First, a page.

Progress bars can be used to track long-running matlab programs where alternatives (e.g. displaying progress information in the console) are infeasible.
Progress bars can be group in windows, and organized independently or as a stack (for e.g. nested for-loops). Each bar displays a parameter name, the current value of that parameter out of a maximum, and an estimated remaining time for that bar.
The code is OO, so progress bar windows are created with
pr = Progress();
Organizing bars as a (FILO) stack makes it easier to add, update, and remove them:
pr.push_bar('parameter name', min, max);
where pr.set(value) sets the bar at the top of the stack. Alternatively, bars can be updated by name:
pr.set('parameter name', value);
and reset to their minimum value:
At each call to pr.set, timing data is collected, and a polynomial is fitted to the data, giving a good estimation of remaining time for processes that are of complexity O(N) or O(N^2). Higher degree polynomials can be used if a task is known not to be in these classes.
Closing a progress bar window manually (i.e. clicking on the X) produces an error - similar to ctrl-c.
The package also includes an automatic code generation tool for adding progress functionality with minimum fuss. This pre-processes an annotated matlab script and adds the necessary boilerplate code. Scripts can be annotated like this:
reptitions = 40;
for i=1:repititions %%p1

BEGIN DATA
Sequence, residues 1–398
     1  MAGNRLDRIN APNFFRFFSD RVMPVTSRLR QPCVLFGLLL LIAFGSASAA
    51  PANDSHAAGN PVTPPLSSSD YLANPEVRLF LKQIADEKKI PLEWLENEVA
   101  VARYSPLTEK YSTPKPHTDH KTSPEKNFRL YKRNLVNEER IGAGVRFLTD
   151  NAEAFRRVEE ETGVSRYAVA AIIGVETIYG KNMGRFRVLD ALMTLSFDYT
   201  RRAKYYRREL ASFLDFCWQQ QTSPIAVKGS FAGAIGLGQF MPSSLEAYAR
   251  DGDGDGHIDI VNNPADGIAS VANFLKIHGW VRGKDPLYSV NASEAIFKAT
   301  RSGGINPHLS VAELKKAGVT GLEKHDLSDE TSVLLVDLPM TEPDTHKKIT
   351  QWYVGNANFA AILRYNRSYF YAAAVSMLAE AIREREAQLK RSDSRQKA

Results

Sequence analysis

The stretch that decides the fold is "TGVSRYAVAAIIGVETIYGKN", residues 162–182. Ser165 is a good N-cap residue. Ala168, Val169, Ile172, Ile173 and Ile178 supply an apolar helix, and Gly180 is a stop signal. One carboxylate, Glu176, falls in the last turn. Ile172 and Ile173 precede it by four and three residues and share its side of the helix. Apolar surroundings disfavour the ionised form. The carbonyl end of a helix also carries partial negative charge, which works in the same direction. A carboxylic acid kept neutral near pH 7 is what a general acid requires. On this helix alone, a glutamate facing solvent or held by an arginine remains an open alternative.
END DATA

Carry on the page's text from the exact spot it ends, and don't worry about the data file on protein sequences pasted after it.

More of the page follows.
parameters_values = [1 2 3 5 10];
for j=1:numel(parameter_values) %%p2
where %%p# indicates a level of nesting, that will be reflected in the progress bar stack.
Furthermore, by including a (slightly awkward-looking) line at the top of a script:
the annotated script can be run as normal (i.e. by typing the script name) and the pre-processing will be invoked automatically - emitting the script with added boilerplate code into a temporary file, then executing this file in the base workspace, then deleting it. This makes the addition of progress bars quite transparent.
The latest addition to the functionality is that some custom code can now be executed upon request during execution. For example, when finding some results in a 100-repetition loop, we could include some code to plot the results for all of the repetitions so far. This lets us check up on the experiment whenever we like (e.g. see the results for the first 10 repetitions), without having to regularly plot graphs or wait until the entire experiment is complete. This can be easily achieved by adding this at the end of the original script:
for current_value=1:100 %%p1
results(current_value) = experiment(current_value);
%%finalise (this tag shows that all the following code should be executed when a button is pressed)
Lots of additional documentation and an example script are included.